From Okja and Snowpiercer director Bong Joon-ho comes Best Picture Oscar winner Parasite, a South Korean dark comedy about a poor family lying their way into working for a rich family in order to improve their bleak living conditions.
The film focuses on the Kims, who live in a small basement apartment and are desperate for a better life. When they're not studying or doing the odd poorly paid and thankless job like packing pizza boxes, they try to cut corners by attempting to use their neighbors' wifi or getting rid of cockroaches by letting in anti-pest fumes through their window when the pest control guy patrols the alleyway above, where drunks often go to throw up. Through a contact, Ki-woo (Choi Woo-shik), the son, is given the temporary opportunity to take over tutoring the daughter of the well-off Park family. This opens the Kims up to using this idea of trusted contacts in order to infiltrate the Park household by each doing a different job for them. They pretend to be virtual strangers, sabotage the people already working for the Parks and everything goes according to plan... until it doesn't.
Much has been said about the themes explored in Parasite and, indeed, you don't see this poor/rich dynamic done in such a bold way very often. Recent release Knives Out attempted something along the same lines but Parasite never sugarcoats the Kims, which could have come off as condescending and often does whenever, incidentally, an Oscar-nominated film tries to reach out to minorities or people below the middle class. Green Book, for example, probably had its heart in the right place but its dated execution left many cold. The Kims may be the victims of a society that turns everyone into parasites but so are the Parks: Bong Joon-ho wisely avoids the "poor people are inherently good" and "rich people are inherently bad" dichotomy, instead taking aim at the system as a whole to show how it dehumanizes people in different ways, breeding resentment, desperation, even violence between them.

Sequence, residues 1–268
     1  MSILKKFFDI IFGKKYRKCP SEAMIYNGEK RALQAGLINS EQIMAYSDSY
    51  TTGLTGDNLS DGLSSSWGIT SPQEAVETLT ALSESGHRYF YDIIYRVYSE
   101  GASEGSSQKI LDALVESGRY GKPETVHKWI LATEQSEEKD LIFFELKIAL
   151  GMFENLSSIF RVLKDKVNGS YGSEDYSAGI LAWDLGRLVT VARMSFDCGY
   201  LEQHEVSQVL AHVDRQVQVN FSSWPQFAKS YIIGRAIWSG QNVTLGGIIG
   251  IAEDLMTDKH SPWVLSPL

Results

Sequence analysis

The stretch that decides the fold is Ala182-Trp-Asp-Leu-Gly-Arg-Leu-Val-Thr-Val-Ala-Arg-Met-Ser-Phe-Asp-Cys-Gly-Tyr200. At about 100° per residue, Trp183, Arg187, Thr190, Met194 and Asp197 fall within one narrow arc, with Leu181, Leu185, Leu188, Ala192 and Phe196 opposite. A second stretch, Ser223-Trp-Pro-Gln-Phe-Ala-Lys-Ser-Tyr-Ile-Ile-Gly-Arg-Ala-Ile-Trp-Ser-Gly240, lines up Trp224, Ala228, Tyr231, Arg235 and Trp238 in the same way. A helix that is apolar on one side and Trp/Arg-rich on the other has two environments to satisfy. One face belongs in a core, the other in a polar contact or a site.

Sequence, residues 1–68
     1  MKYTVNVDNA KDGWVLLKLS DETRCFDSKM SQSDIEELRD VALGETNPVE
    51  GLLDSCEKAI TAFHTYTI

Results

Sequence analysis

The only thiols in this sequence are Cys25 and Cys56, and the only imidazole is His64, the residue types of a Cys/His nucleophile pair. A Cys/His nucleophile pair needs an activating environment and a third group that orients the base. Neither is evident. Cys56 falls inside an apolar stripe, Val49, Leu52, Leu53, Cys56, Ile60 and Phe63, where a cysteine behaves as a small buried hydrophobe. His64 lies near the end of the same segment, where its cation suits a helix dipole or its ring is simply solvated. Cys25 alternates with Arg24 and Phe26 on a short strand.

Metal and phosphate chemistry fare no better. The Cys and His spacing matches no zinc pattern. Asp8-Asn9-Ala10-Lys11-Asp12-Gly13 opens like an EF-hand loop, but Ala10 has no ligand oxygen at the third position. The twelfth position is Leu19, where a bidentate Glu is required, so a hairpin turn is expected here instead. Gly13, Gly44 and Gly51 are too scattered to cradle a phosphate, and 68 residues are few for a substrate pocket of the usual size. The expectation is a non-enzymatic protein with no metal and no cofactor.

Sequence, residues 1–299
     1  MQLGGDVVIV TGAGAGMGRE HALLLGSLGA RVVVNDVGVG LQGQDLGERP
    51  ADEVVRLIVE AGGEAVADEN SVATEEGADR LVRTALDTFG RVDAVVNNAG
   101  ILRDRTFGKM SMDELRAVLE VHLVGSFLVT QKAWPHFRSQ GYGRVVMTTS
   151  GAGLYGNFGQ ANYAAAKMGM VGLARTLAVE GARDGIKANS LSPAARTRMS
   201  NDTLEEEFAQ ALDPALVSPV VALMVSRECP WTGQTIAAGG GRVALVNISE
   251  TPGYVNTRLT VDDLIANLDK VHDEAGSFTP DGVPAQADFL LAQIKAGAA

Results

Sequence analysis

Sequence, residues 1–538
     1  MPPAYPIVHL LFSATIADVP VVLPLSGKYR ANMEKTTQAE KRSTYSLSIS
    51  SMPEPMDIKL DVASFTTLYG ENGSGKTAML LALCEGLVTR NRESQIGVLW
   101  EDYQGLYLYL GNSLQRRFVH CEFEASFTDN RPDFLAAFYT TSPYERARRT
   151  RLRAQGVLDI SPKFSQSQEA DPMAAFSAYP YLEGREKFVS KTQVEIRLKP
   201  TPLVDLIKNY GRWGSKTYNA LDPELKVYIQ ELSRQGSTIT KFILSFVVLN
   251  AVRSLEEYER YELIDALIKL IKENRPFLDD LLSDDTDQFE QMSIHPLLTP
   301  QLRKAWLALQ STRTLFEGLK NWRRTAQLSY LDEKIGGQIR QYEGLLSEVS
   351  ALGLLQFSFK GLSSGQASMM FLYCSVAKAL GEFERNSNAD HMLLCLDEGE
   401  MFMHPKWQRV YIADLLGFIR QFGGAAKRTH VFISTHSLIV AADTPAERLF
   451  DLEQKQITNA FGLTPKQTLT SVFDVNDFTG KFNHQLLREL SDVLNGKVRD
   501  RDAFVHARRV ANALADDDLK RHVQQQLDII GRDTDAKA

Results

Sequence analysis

Of course, there is a power imbalance here as well with the Parks having all of it throughout, by virtue of their wealth, despite the Kims' best attempts at levelling things somewhat so the Kims were doomed from the start. This dynamic, along with a shocking twist halfway through, leads to some nail-biting conflicts within the Parks' swanky house and it reaches a boiling point by the end.
This is a carefully crafted film with slick cinematography, clever (if sometimes a bit too on-the-nose) motifs and excellent performances so its popularity at award shows was deserved, though one has to wonder why movies from all over the world are only recognized by the Academy once in a blue moon. South Korean directors like Kim Ki-duk, Park Chan-wook and many others have plenty of masterpieces under their belt but they have been largely ignored by most bigger award shows. The good news is that Parasite's big wins could be the start of the Academy finally looking past its own Oscar bait and selecting more arthouse fare from all over to celebrate. Then again, the Oscars being what they are, it might also be a one-off nod, which would be a shame but not all that surprising.
Parasite is a funny, sometimes shocking, often very good film that never goes quite how you expect it to go. The ending might be its weakest element as it feels a bit too spontaneous when it had been so darn tight up until that point but it still works well enough. This is definitely one of 2019's best and it's well worth checking out but I encourage you to seek out a lot more South Korean films as well, whether Hollywood promotes them or not.